Before the premiers and chief ministers meet the prime minister for the monthly national cabinet meeting on Wednesday, chief health officers will brief them on the implications of scaling back the current seven-day isolation period for those who test positive for COVID-19. Like many aspects of this pandemic, it is a contentious proposal.
Reducing the isolation period was raised at national cabinet last month but was not backed by advice from Chief Medical Officer Paul Kelly before an expected peak in cases of the BA.4/5 Omicron variant. At a time when hospitals across Australia were being overwhelmed not just by COVID-19 patients but by those suffering from various other winter viruses, it was the right call.
Daniel Andrews and Dominic Perrottet have had differing views on how long people should isolate after testing positive with COVID-19.Credit: Justin McManus
But as winter comes to an end, and the number of COVID-19 cases falls to the lowest level this year, it is an appropriate time for a rethink on how long people should isolate.
Leading the charge on winding back the time is NSW Premier Dominic Perrottet, while Premier Daniel Andrews has taken a more cautious approach. Considering Victoria’s upcoming election is being largely fought on a health system that is already under strain, it is hardly surprising that Andrews would take a more conservative view. If shortening the isolation period were to put further burdens on the health system, it would be a political liability for Andrews.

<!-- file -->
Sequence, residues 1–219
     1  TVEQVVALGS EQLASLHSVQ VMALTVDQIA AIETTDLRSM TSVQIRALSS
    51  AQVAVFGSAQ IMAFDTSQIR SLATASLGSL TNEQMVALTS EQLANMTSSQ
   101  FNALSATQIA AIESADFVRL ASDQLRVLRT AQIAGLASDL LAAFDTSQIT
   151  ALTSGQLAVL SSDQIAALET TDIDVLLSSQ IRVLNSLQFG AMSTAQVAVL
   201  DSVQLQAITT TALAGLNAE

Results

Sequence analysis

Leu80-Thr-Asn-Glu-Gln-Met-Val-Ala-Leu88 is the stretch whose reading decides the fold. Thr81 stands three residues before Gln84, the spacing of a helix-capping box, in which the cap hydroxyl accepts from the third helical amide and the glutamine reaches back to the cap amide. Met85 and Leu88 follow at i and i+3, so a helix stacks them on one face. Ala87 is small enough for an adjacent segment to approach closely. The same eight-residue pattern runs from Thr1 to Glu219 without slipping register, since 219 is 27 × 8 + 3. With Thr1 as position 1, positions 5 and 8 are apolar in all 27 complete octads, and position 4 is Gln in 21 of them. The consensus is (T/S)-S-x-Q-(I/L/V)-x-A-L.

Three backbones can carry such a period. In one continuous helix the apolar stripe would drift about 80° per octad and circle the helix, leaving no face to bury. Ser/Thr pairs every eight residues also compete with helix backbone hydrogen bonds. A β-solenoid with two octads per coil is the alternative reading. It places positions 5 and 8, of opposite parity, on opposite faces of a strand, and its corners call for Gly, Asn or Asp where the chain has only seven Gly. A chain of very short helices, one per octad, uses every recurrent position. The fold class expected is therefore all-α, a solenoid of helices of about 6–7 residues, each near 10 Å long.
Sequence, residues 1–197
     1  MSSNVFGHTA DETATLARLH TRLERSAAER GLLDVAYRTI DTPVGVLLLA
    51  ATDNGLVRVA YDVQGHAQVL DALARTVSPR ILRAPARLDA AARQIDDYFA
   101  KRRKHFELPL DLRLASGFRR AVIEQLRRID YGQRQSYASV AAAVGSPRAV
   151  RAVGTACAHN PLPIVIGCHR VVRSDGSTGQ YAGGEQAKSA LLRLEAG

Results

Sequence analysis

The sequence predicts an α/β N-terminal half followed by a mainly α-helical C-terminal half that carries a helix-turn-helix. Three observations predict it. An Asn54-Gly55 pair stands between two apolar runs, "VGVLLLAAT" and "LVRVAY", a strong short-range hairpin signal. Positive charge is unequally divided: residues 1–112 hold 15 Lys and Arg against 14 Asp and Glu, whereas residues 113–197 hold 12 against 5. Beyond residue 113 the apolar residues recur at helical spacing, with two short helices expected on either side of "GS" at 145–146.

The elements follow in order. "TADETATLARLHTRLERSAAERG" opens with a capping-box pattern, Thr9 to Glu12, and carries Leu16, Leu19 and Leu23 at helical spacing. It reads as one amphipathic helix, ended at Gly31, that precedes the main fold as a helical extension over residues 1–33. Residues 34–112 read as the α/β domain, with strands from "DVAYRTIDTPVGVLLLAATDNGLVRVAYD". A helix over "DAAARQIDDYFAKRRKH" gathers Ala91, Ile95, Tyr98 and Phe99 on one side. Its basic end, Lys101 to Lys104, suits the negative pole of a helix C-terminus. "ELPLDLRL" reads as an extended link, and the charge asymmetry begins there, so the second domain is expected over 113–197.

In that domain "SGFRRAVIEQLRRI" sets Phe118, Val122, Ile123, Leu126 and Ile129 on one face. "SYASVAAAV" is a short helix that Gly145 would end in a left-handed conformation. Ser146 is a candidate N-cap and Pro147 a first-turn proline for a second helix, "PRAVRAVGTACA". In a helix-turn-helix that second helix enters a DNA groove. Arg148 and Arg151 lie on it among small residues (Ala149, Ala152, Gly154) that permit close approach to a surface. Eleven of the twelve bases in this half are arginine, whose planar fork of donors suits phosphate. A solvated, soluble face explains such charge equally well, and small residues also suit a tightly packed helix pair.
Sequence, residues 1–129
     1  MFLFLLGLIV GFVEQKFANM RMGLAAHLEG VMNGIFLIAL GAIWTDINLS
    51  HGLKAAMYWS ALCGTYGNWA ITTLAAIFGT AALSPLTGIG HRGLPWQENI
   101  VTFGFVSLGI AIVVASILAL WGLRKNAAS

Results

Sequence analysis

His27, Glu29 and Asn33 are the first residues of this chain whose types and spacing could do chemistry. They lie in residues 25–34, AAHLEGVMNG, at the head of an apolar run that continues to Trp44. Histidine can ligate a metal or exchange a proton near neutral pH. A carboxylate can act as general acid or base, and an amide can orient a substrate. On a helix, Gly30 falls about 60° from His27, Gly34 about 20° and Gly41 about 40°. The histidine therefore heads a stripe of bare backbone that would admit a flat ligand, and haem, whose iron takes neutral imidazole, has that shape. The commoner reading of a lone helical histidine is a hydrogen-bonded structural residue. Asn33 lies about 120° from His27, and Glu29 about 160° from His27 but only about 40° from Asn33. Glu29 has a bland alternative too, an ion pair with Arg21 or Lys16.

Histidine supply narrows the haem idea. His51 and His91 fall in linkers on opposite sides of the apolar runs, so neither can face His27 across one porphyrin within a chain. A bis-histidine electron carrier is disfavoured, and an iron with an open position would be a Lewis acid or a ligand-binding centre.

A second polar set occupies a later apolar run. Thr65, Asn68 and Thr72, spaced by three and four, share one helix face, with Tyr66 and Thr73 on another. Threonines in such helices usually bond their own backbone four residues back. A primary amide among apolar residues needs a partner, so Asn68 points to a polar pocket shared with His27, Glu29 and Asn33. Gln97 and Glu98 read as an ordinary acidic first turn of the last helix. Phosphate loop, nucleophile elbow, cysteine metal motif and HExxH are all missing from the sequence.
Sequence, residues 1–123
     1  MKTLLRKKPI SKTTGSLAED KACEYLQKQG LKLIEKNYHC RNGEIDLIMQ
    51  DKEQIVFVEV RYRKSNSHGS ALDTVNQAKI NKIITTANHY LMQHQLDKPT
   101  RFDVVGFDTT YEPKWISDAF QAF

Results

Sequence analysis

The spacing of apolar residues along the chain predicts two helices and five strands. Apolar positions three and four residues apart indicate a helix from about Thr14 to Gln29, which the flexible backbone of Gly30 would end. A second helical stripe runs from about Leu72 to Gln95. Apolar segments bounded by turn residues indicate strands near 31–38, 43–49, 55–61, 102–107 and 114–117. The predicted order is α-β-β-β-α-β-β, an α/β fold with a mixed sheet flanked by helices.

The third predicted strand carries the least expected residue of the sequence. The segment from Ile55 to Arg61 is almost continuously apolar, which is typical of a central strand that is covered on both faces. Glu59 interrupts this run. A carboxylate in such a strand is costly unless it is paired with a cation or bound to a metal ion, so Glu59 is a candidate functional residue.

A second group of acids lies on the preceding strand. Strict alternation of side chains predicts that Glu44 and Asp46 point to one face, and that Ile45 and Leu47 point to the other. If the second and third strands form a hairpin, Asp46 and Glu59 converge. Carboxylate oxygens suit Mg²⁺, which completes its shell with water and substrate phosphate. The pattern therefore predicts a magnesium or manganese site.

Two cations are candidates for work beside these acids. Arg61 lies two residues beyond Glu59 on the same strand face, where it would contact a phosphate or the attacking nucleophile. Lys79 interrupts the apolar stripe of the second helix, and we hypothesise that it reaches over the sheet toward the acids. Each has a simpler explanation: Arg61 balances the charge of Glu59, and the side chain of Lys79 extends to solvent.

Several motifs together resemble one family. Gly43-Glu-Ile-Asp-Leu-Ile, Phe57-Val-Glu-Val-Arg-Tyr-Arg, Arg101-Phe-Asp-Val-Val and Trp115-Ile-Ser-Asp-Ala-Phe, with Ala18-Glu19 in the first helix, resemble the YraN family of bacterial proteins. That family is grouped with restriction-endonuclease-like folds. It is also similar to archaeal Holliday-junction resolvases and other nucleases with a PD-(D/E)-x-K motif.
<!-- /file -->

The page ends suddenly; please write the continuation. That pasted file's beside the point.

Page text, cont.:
Some nations, such as the United States, have introduced five days of isolation, while others base the isolation period on testing. Singapore requires those who are fully vaccinated to isolate for at least 72 hours from their positive test result. They are then allowed to leave once they test negative on a rapid antigen test or reach day seven.
The scientific evidence on what is the best process is not always clear. Adrian Esterman, professor of biostatistics at the University of South Australia, said half of those with COVID-19 were still infectious on day five, while a quarter were infectious on day seven and almost none on day 10. But Associate Professor James Wood, a mathematician at UNSW’s School of Public Health and Community Medicine, contends that only 10 to 15 per cent of transmission happened after day five of an infection, and this would be unlikely to lead to rising case numbers given the declining reproduction rate of the outbreak.
The Age would argue that, as the NSW and Victorian premiers agree, any change needs to be national. The decision needs to be based on evidence. There should be enough real-world examples of the differing criteria for isolation in various nations to be able to make an informed decision on what the consequences of changing the criteria of isolation would be for the health system. That advice must be make publicly available.
It must also be understood that if the isolation period is changed, it would be difficult to return to the present isolation period if circumstances were to change for the worse – such as the emergence of a new variant – leading to a new surge.
As a principle, with the backing of scientific evidence, The Age supports the view that responsibility for the period of isolation should be gradually shifted from being mandated by the state to being a decision for individuals. But that must be weighed against the pressures this may place on our health system.
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